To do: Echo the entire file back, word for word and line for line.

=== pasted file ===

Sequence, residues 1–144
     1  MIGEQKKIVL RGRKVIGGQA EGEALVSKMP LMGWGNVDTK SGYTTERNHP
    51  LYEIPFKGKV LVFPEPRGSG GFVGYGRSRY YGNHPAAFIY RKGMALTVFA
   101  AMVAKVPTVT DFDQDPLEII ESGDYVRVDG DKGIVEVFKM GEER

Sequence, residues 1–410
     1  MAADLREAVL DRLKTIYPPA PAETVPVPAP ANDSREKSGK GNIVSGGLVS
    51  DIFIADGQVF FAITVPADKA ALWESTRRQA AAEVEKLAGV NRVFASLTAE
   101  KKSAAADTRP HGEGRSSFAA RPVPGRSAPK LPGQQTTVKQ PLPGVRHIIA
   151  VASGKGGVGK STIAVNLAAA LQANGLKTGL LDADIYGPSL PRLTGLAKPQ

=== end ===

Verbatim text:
Sequence, residues 1–144
     1  MIGEQKKIVL RGRKVIGGQA EGEALVSKMP LMGWGNVDTK SGYTTERNHP
    51  LYEIPFKGKV LVFPEPRGSG GFVGYGRSRY YGNHPAAFIY RKGMALTVFA
   101  AMVAKVPTVT DFDQDPLEII ESGDYVRVDG DKGIVEVFKM GEER

Sequence, residues 1–410
     1  MAADLREAVL DRLKTIYPPA PAETVPVPAP ANDSREKSGK GNIVSGGLVS
    51  DIFIADGQVF FAITVPADKA ALWESTRRQA AAEVEKLAGV NRVFASLTAE
   101  KKSAAADTRP HGEGRSSFAA RPVPGRSAPK LPGQQTTVKQ PLPGVRHIIA
   151  VASGKGGVGK STIAVNLAAA LQANGLKTGL LDADIYGPSL PRLTGLAKPQ